“An Institution In Crisis”: The Chaser Founder Hits Out At The ABC
The Chaser won't appear on the ABC for the 2019 election.
The founder of The Chaser has described the ABC as “an institution in crisis” after the political comedy group revealed it would not have a series on the public broadcaster ahead of next year’s federal election.
On Monday, The Chaser team tweeted that the ABC had declined to fund a series for 2019.
ABC in 2019: Another thing that’s not coming back… a Chaser election show. First time since 2001 that the ABC has declined to fund it. Perhaps Sky News provides enough satire nowadays? https://t.co/PVgd4YDmdn
— The Chaser (@chaser) November 19, 2018
The comedy group has covered every federal election on the ABC since the 2001 contest between John Howard and Kim Beazley. But according to founder Charles Firth, “they just said they didn’t have the money” for a new series.
“The ABC is an institution in crisis, and it’s a very deliberate thing that’s happened,” Firth told Fairfax. “This decision, along with lots of other decisions should leave everyone in no doubt that the Liberals have done their work on the ABC and it’s not the institution it once was.”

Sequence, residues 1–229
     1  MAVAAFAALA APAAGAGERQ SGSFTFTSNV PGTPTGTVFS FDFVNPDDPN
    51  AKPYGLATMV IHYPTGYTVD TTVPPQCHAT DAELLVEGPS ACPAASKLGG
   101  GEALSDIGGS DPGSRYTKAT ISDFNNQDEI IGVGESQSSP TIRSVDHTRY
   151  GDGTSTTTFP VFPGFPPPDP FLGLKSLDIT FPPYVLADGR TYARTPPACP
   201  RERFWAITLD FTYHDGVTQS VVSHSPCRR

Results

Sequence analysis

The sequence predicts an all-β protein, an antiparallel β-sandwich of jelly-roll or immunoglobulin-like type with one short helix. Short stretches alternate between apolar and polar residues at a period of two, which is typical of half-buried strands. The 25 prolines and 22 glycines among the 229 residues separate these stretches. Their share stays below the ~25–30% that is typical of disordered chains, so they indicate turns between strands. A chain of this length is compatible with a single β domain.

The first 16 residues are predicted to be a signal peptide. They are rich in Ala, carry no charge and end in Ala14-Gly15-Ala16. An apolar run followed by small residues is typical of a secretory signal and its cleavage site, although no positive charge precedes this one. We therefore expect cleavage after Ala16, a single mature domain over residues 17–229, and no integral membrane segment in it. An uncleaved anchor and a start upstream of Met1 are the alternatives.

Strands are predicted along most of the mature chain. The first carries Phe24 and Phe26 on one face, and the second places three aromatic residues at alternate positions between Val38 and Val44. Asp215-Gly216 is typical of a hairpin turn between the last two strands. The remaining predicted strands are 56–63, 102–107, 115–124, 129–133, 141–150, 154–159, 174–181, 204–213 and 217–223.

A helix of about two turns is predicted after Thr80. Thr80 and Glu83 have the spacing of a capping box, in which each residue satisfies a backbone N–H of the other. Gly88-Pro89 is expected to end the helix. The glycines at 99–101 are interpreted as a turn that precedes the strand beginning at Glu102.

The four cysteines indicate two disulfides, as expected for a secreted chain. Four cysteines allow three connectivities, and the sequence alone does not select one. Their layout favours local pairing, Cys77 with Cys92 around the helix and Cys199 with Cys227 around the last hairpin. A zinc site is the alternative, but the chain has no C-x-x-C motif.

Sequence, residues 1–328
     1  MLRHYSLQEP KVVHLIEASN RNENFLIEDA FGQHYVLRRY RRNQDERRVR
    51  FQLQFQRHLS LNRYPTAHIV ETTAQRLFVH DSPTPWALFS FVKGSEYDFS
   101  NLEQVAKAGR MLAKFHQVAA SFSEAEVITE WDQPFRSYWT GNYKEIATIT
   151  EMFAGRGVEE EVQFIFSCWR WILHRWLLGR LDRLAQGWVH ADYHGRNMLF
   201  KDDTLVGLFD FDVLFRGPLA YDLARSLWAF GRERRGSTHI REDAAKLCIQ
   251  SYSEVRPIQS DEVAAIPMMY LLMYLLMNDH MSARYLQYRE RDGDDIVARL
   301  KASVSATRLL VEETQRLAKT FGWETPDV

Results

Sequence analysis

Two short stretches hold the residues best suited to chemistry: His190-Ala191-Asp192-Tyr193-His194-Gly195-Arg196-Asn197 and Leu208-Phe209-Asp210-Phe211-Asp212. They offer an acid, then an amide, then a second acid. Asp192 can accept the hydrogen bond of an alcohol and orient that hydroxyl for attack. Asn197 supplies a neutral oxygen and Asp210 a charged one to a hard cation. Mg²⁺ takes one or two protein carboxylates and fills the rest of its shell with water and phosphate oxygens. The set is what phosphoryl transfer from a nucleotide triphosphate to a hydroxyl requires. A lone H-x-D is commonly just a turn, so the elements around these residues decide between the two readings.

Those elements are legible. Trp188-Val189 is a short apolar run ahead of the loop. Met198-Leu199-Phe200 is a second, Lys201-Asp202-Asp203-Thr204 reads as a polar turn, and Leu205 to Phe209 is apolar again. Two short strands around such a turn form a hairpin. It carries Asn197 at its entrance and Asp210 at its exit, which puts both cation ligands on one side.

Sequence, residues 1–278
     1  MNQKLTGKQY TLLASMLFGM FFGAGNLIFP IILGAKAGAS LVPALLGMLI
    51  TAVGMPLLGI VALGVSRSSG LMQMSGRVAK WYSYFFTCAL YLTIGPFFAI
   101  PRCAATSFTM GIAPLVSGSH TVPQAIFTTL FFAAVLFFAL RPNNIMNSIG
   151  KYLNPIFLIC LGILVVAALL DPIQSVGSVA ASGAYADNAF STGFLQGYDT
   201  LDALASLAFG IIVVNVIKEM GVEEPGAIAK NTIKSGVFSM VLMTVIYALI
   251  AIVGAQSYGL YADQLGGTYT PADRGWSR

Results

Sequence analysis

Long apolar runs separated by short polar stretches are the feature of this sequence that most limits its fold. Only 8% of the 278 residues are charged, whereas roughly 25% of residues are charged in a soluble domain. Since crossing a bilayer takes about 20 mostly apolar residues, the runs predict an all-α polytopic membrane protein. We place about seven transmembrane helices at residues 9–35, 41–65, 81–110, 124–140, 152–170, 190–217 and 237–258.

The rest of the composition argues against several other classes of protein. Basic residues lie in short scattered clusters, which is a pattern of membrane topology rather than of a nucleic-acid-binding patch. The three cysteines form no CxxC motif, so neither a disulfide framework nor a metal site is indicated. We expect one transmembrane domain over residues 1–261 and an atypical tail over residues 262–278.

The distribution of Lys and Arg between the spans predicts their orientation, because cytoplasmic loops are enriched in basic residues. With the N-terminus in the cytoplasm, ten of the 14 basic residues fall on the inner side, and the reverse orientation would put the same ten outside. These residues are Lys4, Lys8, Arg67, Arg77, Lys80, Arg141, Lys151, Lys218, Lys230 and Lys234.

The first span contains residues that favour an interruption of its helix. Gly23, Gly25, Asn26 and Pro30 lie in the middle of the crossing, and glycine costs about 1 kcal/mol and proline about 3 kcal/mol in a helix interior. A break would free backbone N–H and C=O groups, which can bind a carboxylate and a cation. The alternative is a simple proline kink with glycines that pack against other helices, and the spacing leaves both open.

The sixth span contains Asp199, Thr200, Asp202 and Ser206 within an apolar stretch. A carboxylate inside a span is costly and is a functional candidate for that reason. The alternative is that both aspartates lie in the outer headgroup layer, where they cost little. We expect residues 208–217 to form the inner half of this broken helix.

“If you relentlessly cut tens of millions of dollars out of an institution, it’s going to suffer.”
“The ABC is in a difficult position, so what some people inside the ABC have decided to do is be safe because safeness means there’s no senate inquiries, there’s no questions from the prevailing government,” he continued. “[But] the moment you start being safe is the moment you start losing audiences, and you enter a downward spiral where you become irrelevant.”
“They’re in a death spiral where they’re getting safer and safer and they’re going to lose more and more of their audience.”
A spokesperson for the ABC responded to Firth’s remarks by claiming The Chaser team never approached them with a pitch for 2019.
“We’re surprised by Mr Firth’s comments as The Chaser didn’t pitch an election special to the ABC for next year and advised us it was already in discussions with a commercial network,” the spokesperson told Fairfax.
Firth confirmed the group had spoken with commercial channels, but conceded it might be an awkward fit.
“Advertisers don’t want out-there, overtly political, slightly dangerous stuff to advertise their soap powder in,” he said. “If we could turn it into a reality show about making cakes, then I think they’d love it.”
He also said the group had considered crowd-funding a series that could be broadcast over the web.
“We wouldn’t have to answer to anyone at the ABC or anywhere else … we could be totally unleashed.”